I can't quite give Fire
four stars because I was slower to become involved in this story, part of that was because I was expecting something more obviously linked to Katsa and Po's story and partly because the prologue changed those expectations again - though I appreciated it later as it tied into Fire's story and how it fit with Graceling.
However I was quickly drawn into Fire's story, again some intriguing and original concepts and Fire
tackles a lot of non standard themes for a YA novel.
It's a shame that the trilogy has been labeled as such I think because much of the review negativity seems to stem from the opinions that some of the content is not appropriate for a YA audience.
The characters are complex, Fire grapples with the power of her feminity and the power of her ability in a world that for her is dominated by men. Her conflicted feelings about her father were well handled, as were her feelings for Archer.
Again, Cashore successfully created a male counterpart who is as well developed as the female. Brigan is himself conflicted by the expectations for males in his world - he does not seek more power for power's sake and while he does his duty well, he finds little joy in being the victor. He, like Fire, struggles with his father's legacy.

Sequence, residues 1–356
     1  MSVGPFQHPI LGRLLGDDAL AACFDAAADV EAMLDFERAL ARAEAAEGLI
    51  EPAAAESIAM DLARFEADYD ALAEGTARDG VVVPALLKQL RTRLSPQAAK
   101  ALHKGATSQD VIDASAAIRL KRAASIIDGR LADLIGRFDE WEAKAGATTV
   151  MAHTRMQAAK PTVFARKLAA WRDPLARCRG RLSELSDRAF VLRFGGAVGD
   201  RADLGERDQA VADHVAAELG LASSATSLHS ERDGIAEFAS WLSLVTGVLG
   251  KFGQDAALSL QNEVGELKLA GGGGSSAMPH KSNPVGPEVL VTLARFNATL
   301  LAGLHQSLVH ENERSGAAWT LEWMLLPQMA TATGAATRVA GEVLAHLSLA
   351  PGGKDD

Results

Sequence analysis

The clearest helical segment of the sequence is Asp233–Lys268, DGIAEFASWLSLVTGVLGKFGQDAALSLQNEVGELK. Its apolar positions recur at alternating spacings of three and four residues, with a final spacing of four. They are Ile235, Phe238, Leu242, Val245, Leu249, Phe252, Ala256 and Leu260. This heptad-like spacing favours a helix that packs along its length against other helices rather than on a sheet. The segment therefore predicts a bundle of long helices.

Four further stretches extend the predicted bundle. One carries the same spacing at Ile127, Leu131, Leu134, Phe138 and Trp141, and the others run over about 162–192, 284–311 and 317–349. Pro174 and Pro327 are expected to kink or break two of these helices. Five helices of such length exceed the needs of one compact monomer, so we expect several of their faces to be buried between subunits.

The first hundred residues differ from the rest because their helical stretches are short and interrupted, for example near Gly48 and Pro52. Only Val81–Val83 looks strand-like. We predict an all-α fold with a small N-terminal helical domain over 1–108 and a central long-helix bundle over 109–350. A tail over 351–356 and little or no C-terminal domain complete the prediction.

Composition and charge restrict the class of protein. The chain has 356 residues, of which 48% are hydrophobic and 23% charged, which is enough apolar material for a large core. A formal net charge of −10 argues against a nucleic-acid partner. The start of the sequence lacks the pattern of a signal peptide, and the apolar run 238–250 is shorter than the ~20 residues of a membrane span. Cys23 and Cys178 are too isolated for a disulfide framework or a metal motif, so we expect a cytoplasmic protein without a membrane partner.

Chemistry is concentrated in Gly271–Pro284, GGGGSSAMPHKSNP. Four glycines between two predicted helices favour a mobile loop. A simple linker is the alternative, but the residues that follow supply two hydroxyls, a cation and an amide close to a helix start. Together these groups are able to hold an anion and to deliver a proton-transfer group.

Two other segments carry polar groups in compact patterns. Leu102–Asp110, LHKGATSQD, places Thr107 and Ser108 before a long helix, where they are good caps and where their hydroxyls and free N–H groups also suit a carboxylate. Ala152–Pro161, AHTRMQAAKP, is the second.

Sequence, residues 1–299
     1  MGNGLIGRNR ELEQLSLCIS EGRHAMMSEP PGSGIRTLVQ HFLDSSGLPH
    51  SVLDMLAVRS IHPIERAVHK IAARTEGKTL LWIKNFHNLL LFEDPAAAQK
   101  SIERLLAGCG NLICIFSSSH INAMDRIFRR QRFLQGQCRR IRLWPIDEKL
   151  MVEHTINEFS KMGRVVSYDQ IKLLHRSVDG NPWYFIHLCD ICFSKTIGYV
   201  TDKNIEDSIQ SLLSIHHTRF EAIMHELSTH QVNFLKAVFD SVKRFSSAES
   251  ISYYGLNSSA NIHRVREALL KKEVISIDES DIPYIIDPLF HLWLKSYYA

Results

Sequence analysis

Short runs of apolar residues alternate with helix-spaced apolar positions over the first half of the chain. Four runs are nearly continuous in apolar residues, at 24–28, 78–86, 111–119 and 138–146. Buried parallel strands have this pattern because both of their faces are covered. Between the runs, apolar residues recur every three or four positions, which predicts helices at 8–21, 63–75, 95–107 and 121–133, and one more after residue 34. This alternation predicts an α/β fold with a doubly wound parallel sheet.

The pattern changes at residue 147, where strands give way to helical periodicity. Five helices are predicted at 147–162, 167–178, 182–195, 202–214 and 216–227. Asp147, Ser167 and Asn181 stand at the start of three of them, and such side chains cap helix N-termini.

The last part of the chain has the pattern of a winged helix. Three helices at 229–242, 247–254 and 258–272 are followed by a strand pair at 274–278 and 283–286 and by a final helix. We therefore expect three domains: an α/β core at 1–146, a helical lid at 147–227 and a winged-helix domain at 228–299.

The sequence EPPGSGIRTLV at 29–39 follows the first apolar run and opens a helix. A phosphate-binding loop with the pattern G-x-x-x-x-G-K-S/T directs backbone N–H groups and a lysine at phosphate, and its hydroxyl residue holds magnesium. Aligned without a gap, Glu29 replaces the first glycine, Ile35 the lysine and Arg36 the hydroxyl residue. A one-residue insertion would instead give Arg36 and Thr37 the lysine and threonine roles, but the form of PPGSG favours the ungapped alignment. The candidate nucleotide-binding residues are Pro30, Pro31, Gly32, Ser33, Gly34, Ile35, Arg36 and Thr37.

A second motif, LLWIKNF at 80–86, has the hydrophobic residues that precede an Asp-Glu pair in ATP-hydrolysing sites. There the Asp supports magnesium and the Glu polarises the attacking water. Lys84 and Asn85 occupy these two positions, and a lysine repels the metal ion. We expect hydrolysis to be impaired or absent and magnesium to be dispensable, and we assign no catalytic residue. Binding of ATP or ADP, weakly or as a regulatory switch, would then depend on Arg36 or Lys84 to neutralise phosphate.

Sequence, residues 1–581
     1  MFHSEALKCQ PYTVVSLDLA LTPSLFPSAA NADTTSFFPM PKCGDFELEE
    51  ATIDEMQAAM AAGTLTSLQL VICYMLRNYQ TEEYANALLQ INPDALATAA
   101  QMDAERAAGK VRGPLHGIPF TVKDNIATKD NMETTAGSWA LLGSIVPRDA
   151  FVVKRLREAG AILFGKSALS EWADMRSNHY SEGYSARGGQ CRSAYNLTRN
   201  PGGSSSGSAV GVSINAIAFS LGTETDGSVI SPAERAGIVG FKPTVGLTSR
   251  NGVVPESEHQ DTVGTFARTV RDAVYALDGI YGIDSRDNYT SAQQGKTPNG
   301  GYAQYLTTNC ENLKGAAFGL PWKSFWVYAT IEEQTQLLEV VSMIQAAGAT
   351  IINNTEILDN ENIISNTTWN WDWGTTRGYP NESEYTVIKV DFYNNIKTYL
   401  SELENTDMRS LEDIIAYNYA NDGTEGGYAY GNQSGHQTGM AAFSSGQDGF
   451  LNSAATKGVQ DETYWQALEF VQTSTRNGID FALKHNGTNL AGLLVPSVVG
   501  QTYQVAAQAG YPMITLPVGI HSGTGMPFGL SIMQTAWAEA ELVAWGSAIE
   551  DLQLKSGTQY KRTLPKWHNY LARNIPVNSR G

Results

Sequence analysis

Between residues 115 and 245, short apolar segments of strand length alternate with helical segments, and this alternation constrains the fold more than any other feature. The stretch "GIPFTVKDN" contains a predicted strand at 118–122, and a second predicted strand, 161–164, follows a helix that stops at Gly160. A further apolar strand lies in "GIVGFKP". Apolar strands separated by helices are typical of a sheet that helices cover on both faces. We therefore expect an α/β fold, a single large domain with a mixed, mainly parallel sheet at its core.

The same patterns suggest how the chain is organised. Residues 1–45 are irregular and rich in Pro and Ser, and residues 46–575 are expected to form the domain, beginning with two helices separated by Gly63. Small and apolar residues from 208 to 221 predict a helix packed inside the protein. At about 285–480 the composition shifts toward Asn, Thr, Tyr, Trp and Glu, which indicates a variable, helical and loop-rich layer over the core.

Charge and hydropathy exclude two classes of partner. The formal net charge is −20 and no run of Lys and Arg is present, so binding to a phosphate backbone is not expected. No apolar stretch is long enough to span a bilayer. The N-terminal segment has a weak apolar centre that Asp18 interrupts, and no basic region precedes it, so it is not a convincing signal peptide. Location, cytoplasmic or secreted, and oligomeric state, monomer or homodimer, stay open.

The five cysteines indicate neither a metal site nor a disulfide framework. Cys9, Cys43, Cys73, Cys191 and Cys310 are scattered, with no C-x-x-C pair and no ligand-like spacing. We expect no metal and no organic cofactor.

The relationship between Fire and Brigan is built very subtley. What I did like was that both characters has to come to some sort of self acceptance before they could come together, instead of the more traditional "relationship makes everything better."
Leck, who appears only sporadically, is truly creepy, but I do think that it is the inclusion of his story that means Fire
is truly a companion novel to Graceling
because it's inclusion makes little sense without knowing where it came from.
Still, while Fire
didn't quite live up to the spectacular debut of Graceling
it is wonderfully original and an enjoyable read.